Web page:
Xi Jinping uses new Mao-like status to outline longer-term economic blueprint for China
As well as the key ‘battles’ – risk, poverty and pollution – Beijing’s economic policies for 2018 and beyond also touch on issues to do with quality of life
President Xi Jinping, China’s most powerful leader in decades, has mapped out a plan to renew the economy in three years by tackling financial risk, reducing poverty and fighting the country’s chronic smog problem.
At the three-day, closed-door economic work meeting that concluded in Beijing on Wednesday, the top leadership decided China will follow a “high quality” growth model with more focus on fairness, the environment and a joyful life, Xinhua reported. That takes the place of the old “high speed” model that for decades has put the expansion of gross domestic product above all else.
In a departure from previous years, Xi used the annual meeting to draft three-year, rather than one-year, plans for the financial sector clean-up and environmental management. The policies also touch on a wide range of issues that matter to the everyday lives of the country’s 1.3 billion people, including too much homework for children, difficulties getting an appointment to see a doctor, the nursing shortage and online scams.
“Unlike his predecessors, Xi is willing to compromise and more determined to push forward this work [by tolerating slower GDP growth],” said Ding Shuang, chief Greater China economist at Standard Chartered Bank in Hong Kong.
The meeting did not reveal a quantitative GDP growth target for the US$12 trillion economy. Many economists expect Beijing to announce a lower target in March than this year’s goal of around 6.5 per cent, showing its tolerance of slower growth to allow for reforms.
China has developed at breakneck speed in past decades to become the world’s second-largest economy, mainly through heavy investment, cheap labour and land resources, and by ignoring the environmental costs.
Although previous leaders have vowed repeatedly to change the development model, there has been little progress in achieving a trade-off between quality growth and fast growth.
But Xi – after cementing his power at the Communist Party congress in October, when he was elevated to the same status as late leaders Mao Zedong and Deng Xiaoping – appears keen to drive change.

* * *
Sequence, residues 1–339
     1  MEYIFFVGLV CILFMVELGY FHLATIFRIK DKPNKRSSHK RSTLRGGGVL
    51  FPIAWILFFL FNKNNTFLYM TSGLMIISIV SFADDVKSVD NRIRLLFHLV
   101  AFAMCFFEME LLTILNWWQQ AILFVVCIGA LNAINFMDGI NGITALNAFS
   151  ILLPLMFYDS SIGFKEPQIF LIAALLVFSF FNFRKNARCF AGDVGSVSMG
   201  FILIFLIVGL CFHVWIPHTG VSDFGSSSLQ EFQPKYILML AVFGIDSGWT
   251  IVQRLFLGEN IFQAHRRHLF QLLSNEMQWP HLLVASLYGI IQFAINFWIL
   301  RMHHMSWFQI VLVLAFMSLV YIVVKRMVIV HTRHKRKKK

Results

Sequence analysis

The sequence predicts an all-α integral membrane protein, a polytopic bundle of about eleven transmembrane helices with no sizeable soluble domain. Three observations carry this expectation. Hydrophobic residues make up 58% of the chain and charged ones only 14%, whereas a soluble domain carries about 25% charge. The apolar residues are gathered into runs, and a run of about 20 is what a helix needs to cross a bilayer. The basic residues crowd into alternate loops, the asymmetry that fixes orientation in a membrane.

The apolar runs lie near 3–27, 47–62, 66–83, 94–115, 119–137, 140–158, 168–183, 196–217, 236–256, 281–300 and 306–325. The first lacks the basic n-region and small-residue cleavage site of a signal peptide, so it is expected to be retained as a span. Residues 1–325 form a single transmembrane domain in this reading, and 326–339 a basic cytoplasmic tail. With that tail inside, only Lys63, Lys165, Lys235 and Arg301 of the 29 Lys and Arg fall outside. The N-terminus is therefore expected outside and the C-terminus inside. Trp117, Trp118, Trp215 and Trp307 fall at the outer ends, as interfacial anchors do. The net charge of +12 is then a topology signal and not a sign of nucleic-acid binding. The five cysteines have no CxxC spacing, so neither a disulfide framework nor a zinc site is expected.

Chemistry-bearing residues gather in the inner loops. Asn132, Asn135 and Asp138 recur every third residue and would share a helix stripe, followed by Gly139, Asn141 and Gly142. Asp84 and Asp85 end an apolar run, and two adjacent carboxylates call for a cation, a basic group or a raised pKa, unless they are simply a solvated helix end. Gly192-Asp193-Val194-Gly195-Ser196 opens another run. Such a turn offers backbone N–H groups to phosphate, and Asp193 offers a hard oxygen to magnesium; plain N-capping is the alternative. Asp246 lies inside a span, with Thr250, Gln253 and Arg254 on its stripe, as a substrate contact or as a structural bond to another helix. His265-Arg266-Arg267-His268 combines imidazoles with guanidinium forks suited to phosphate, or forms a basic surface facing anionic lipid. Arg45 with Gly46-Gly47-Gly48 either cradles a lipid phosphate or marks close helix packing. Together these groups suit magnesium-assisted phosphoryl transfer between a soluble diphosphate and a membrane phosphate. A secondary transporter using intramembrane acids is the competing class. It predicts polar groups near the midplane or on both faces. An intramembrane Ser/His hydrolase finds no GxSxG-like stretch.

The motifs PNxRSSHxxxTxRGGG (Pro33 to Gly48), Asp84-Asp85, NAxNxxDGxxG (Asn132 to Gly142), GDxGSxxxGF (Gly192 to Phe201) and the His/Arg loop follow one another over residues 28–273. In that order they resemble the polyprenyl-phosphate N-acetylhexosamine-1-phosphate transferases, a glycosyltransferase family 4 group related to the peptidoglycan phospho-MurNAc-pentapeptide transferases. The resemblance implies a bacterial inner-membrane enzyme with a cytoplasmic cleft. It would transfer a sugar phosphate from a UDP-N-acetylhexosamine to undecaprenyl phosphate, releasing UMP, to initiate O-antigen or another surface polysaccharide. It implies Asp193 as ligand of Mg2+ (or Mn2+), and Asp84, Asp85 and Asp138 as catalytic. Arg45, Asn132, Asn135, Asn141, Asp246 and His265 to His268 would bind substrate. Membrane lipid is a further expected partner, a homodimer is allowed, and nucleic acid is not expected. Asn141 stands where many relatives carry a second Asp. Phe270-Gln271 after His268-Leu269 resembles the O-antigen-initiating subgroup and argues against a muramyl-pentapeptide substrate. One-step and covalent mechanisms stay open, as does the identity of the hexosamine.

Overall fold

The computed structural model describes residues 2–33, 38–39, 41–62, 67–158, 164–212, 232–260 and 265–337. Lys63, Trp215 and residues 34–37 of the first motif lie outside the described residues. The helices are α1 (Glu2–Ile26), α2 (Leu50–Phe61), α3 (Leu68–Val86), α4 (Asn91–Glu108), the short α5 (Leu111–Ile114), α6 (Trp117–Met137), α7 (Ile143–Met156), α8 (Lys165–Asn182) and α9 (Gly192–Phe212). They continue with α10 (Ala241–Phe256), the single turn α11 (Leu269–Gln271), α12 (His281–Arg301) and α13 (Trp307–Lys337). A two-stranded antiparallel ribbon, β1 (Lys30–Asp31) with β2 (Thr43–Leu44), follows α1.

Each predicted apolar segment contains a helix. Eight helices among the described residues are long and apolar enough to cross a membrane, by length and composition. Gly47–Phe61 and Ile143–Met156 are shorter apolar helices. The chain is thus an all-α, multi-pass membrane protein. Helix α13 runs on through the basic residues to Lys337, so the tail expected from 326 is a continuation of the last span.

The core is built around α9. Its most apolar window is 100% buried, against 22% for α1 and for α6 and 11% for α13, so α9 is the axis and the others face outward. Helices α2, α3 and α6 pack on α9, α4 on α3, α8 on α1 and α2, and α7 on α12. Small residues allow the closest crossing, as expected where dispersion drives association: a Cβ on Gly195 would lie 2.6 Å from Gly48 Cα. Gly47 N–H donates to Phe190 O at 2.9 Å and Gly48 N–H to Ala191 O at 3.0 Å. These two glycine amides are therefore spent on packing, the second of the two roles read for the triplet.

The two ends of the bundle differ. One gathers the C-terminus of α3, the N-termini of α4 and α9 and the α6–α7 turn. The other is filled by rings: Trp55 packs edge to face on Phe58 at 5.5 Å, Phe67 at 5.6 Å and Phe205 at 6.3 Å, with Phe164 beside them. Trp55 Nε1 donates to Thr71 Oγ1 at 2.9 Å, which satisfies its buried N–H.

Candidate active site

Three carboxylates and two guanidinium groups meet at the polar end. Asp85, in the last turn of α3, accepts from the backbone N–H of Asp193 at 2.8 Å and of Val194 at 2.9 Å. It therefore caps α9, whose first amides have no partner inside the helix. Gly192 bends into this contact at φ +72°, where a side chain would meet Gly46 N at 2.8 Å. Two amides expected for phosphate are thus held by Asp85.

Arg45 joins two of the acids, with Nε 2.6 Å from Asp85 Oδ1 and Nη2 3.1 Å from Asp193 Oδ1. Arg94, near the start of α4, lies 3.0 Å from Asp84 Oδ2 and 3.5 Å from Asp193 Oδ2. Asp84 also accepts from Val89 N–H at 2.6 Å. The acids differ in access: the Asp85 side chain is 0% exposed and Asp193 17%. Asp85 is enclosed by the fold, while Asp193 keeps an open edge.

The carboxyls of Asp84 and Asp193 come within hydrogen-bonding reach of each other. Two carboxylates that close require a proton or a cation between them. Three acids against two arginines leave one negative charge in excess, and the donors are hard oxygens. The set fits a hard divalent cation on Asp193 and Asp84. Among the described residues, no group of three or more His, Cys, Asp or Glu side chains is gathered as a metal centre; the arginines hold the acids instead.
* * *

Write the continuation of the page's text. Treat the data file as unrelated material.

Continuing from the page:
In 2020, Xi will reach the “midterm” of his second five-year term as leader and he is aiming to make good on the party’s promise to build “a comprehensive well-off society” by then.
So for the next three years, the leadership’s top economic priorities will be improving the air quality, alleviating poverty and curbing financial risk, according to the communiqué released after the conference.
There are at least 43 million people living in absolute poverty on the mainland, or with an annual income of less than 2,800 yuan (US$420), according to official data. China’s Gini coefficient, a gauge of income inequality, was 0.465 last year – one of the highest in the world. A reading above 0.4 is seen as a mark of a society ripe for unrest.
Analysts said policy mentions of social issues to do with quality of life showed a wider concept of development under Xiconomics, which was given an official name at the conference: “Xi Jinping Economic Thought on Socialism with Chinese Characteristics for a New Era”.
Zhao Xijun, a finance professor at Renmin University, said Xi has “broadened the concept of the economy from just investment, exports and consumption to a comprehensive range of issues which could affect the economy implicitly”.
“At the heart of his idea is having people benefit from economic development,” Zhao said.
Rapid growth in the last four decades has turned China from a poor rural country into a global economic superpower. But development has also left it with a yawning wealth gap and appalling pollution, and many ordinary Chinese feel they have been left behind in the economic boom.
On Wednesday, the leadership vowed to push ahead with a clean-up of the financial sector. “We will promote a benign cycle from the financial sector to the real economy, to the property sector, and within the financial system, and firmly crack down on financial irregularities,” the statement said.
Beijing will also push ahead with housing reforms and work on a “long-term mechanism” – including fiscal, monetary and land policies – to keep property prices in check, it said. There was no mention of property taxes.
Local and non-local residents were allowed to take co-ownership of homes along with local governments last year – with prices at less than half the market rate – and the authorities have also encouraged long-term stable rental housing.
But Yi Xianrong, an economist at Qingdao University, said the measures did not go far enough to change the imbalance in China’s housing market. “It will take at least five years to see any effects from the mechanism,” Yi said.
Although China is facing headwinds from an increasingly unfriendly Washington over trade, as well as US tax cut plans and a hawkish Federal Reserve, the communiqué did not mention the US or Donald Trump – the leadership said only that Beijing would try to balance trade by boosting imports.
Additional reporting by Frank Tang